Local MEC Joyce Mashamba said this week she hoped that the formation of a Limpopo Export Advisory Council (LEAC) would assist small enterprises with finding new export outlets for their businesses.
“Small businesses need to be made more aware of export possibilities and other relevant topics and the advisory council is an important public-private sector partnership which can play a major role in stimulating the growth of the province’s economy,” she said.
Kenya port strike threat
Port workers at Mombasa plan a go-slow strike on Monday (14 November) to highlight their demand for bonuses.
The Dockworkers Union secretary-general Kennedy Kiliku said that workers were demanding payment of Ks200 million in bonuses by Sunday, failing which they will implement a go-slow action at the port.
The disoute comes with the background of the Kenya Port Authority (KPA) having generated a profit last year of KSh1.8 billion, for which workers say they were rewarded with a bonus equivalent to one month’s wages.
The KPA has reacted by saying that workers should request, not demand bonuses and claims that profits made in the past year were the result of prudent management and not improved cargo working by the work force.
Clipper Race update
Friday 10 November - Durban Clipper Catching Up to Seventh Placed Victoria
The Durban Clipper is making headway, breathing down Victoria’s neck trailing behind her by only three nautical miles in the Clipper 05-06 Round the World Yacht Race. The Durban Clipper is currently in eighth place but the skipper Craig Millar will be pulling out all the stops in an effort to climb the leader board ahead of the fleet’s ten day stopover in Durban from 17 to 27 November.
The Durban yacht mole is a hive of activity with preparations underway to welcome home the Durban sponsored Clipper and eight other 68ft ocean racers. The Jersey Clipper has been experiencing problems with the rig tension and Skipper Mark Taylor has taken the decision to divert to Cape Town where it can be properly inspected by the manufacturers.
From the sublime to the ridiculous - Singapore Skipper Richard Falk’s comment this morning (Friday) neatly sums up the dramatic drop in wind experienced by the fleet over the past 12 hours, something also reflected by the distance run. Aside from the sudden lack of speed, the crews may well be quite grateful for a short lull after the last few days of fairly strong winds, and will be taking advantage of the time to check over their boats and repair any minor damage. Snapping lines seems to have been the main problem experienced by several of the boats.
It will also provide a good opportunity for the crews to repair themselves. Bumps, bruises, a broken finger and a possible cracked rib have all been reported in the last couple of days, mostly caused by falls below decks where the majority of rough weather accidents seem to occur.
Richard may also have been tempted to comment on the current positions, but obviously thought better of it as their brief but glorious spell at the front came to a fairly dramatic end yesterday when David Pryce and the Westernaustralia.com crew reaped the benefits of their earlier move to the south. With typical eloquence the WA response was “AOK!”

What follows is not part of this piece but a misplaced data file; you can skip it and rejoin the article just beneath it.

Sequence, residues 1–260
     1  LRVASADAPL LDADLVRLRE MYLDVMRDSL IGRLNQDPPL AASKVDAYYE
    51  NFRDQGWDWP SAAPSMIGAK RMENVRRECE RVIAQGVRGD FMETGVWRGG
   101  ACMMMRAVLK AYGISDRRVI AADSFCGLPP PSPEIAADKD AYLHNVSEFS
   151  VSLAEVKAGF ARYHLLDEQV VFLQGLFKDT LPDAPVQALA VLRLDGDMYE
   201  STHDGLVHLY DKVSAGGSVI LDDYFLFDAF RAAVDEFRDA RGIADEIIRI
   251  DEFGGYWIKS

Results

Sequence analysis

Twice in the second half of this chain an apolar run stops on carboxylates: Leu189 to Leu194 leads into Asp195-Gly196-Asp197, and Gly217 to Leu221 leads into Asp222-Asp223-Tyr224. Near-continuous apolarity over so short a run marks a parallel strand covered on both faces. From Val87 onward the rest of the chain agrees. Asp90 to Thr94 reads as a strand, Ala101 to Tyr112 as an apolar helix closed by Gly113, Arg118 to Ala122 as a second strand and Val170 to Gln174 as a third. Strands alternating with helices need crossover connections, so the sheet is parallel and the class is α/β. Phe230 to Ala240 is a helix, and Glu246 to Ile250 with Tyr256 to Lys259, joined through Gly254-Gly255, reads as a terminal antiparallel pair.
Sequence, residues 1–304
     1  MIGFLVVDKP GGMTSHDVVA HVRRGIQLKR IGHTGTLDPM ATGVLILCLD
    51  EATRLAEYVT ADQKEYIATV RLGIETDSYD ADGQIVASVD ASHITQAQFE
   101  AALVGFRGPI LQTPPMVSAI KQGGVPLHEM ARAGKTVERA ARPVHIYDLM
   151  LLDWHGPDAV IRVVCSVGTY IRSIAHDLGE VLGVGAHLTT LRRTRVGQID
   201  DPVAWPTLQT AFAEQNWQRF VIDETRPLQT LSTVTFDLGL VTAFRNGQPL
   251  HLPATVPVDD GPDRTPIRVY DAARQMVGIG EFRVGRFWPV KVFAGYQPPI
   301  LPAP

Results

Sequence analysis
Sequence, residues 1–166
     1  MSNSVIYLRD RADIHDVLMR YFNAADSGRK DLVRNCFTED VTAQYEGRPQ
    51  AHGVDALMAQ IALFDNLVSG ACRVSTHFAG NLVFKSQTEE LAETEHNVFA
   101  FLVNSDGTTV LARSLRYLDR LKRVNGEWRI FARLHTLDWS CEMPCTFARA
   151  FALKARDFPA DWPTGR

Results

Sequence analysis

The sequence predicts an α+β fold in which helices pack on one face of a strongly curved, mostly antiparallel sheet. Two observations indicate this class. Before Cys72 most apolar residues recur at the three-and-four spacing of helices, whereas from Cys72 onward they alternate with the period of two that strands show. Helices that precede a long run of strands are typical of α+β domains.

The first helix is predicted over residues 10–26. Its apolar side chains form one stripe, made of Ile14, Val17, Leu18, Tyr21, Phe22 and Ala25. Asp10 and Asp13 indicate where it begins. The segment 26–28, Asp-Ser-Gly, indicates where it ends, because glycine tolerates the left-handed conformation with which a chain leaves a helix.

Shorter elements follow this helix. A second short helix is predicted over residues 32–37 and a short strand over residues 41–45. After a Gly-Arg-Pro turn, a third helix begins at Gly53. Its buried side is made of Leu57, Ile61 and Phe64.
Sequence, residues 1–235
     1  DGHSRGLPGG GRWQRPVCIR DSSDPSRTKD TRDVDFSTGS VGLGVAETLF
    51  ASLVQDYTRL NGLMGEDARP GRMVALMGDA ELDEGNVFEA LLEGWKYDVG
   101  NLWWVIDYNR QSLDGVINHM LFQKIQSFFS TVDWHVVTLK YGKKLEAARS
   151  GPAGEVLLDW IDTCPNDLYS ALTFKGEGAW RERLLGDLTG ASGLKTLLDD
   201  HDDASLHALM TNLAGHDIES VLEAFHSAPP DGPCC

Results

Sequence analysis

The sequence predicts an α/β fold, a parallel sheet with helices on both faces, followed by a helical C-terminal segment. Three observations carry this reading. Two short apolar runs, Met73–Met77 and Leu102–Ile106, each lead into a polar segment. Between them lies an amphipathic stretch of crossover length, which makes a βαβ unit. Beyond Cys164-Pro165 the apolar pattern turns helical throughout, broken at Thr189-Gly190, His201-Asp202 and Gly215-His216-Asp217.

With 12 hour runs all under 100 miles, Thursday’s ETA in Durban is looking rather more likely than it did a few days ago when fast speeds throughout the fleet had some wondering whether the Race team would get there in time. This is fairly standard and is a good example of why it is so difficult to accurately predict finishing times. With half the fleet having broken through the “1000 miles to go” mark, and with an increasing gap between the front runners and the trailing pack the arrival times could well be quite spread out, but on this race the last 1000 miles could well be the most interesting. The teams now have to switch from ocean racing tactics to a much more coastal strategy with a landmass, changeable weather and strong ocean currents all coming into play. That today’s distance run is anywhere between 37 miles and 96 is probably a taste of things to come.
And on a different front, Jersey Clipper continues to make good speed towards Cape Town. Clipper Ventures Maintenance Manager Justin Haller flies out later today and will be coordinating things on the ground, whilst the riggers and staff of the Royal Cape Yacht Club are gearing up for their arrival. With 214 miles to go at 04.00 this morning we currently expect them to arrive sometime during the day tomorrow (Saturday).
For a detailed leader board please go to http://www.clipper-ventures.co.uk/n05_06/homepage.php
- this report courtesy Clipper Ventures and Olivia Jones Communications
Did you know that Ports & Ships lists ship movements for all ports between Walvis Bay on the West Coast and Beira on the East Coast
- Contact Us